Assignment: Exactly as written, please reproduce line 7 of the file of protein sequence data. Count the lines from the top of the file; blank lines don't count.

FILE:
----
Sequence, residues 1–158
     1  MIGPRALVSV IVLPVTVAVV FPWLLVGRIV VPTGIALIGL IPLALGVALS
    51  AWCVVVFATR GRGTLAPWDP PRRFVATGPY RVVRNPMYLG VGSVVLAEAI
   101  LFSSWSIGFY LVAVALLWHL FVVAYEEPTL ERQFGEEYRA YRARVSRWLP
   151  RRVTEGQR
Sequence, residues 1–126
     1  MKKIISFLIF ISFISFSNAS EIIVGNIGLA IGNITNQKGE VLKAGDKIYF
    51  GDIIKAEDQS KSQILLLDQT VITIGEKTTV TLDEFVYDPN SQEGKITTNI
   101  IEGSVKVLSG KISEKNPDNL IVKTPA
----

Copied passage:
     1  MKKIISFLIF ISFISFSNAS EIIVGNIGLA IGNITNQKGE VLKAGDKIYF